It should be noted that at some point New York Life declined to underwrite a life insurance policy for Daly. However, in late February or early March 1982 Priester was involved in negotiations with Michael Drew, an agent for Paul Revere, concerning Paul Revere possibly underwriting both life and disability insurance for Daly. When Paul Revere made the final decision to offer Daly both life and disability insurance is unclear. Nonetheless, on April 1, 1982 Paul Revere mailed out a disability policy for Daly with an issuance date of January 1, 1982. On April 8, 1982 Paul Revere issued a $250,000 life insurance policy on Daly's life. Daly received the policy on April 13, 1982. Attached to the life insurance policy was the Paul Revere application, parts one and two completed by Daly on January 17 and 25, 1982 respectively. Pursuant to the agreement between

Daly and his employer, Morris Industries promptly paid Paul Revere the required premiums. Less than a month after the issuance of the life insurance policy, on May 7, 1982, Daly died of hypertensive heart disease with acute coronary insufficiency superimposed on an old myocardial infarct (left-ventricular).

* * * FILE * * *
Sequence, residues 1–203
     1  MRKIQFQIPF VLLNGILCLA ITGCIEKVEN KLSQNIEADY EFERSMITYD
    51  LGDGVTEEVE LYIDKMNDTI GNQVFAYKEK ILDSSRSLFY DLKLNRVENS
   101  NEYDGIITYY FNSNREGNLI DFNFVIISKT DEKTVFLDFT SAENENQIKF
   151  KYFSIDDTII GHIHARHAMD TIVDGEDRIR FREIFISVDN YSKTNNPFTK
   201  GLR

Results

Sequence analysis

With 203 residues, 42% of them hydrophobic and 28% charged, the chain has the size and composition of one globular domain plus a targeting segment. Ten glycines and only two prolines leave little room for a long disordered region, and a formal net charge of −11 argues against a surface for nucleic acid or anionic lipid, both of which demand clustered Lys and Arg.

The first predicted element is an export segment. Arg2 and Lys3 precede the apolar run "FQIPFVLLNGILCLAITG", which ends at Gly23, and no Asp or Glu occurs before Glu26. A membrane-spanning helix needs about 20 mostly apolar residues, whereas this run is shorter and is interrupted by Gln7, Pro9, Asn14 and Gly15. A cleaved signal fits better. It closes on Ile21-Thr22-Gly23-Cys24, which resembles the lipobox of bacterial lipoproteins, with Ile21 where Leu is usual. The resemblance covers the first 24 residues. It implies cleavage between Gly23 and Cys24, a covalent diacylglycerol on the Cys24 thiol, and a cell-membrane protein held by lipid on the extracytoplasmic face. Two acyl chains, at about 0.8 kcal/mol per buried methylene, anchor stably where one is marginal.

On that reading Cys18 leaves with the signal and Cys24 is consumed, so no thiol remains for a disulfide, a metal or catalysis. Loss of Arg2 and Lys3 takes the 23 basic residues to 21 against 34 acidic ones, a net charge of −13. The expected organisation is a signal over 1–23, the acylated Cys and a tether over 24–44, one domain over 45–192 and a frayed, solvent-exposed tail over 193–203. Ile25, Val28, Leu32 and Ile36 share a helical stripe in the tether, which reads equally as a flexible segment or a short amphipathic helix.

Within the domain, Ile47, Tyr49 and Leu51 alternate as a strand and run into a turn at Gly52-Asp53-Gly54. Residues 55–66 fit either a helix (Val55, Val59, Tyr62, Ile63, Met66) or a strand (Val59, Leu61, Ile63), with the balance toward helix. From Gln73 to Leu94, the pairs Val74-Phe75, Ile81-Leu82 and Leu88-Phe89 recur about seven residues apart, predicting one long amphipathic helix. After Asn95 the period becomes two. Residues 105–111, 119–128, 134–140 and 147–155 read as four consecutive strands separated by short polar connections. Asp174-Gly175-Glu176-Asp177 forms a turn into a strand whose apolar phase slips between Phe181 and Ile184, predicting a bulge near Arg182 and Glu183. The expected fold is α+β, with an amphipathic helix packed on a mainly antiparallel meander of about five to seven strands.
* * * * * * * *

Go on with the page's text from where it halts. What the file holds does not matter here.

Paul Revere declined payment on the policy and the beneficiary brought suit for the $250,000 face value of the policy. Paul Revere has moved for summary judgment on two grounds. First, that part two of Daly's insurance application contained material misrepresentations, thereby entitling Paul Revere to rescind the policy based on equitable fraud. Formosa v. Equitable Life Assurance Society of U.S., 166 N.J. Super. 8 (App.Div.1979), certif. den. 81 N.J. 53 (1979). Second, the failure of a condition precedent to the insurance contract that Daly's health at the time of the issuance of the policy remain the same as stated in the application. Prahm v. Prudential Insurance Co., 99 N.J.L. 288 (E. & A.1923).

In part two of the application Daly represented, among other things, that he in the past five years had not had an xray, electrocardiogram, blood or urine test or any other lab test. He also claimed to have seen a doctor only once in the past five years and the examination was for treatment of a jogging injury he suffered in 1971. Daly alleged he had not been hospitalized for treatment or observation in the past five years. He represented he never had any known indication of treatment for chest pain, high blood pressure and diseases of the heart, blood vessels or lungs. At the bottom of both parts one and two of the application, just above his signature and in clear print, Daly acknowledged that to the best of his knowledge and belief all of the statements made in the application were true and that he understood the statements and the application would become part of any insurance policy issued on it.

Paul Revere served upon the beneficiary requests for admissions on August 19, 1983. The requests for admissions which included hospital and medical records detailed Daly's ten year

history of high blood pressure, heart illness and treatment. No response whatsoever to the requests for admission was made. By virtue of R. 4:22-1, Daly's long ...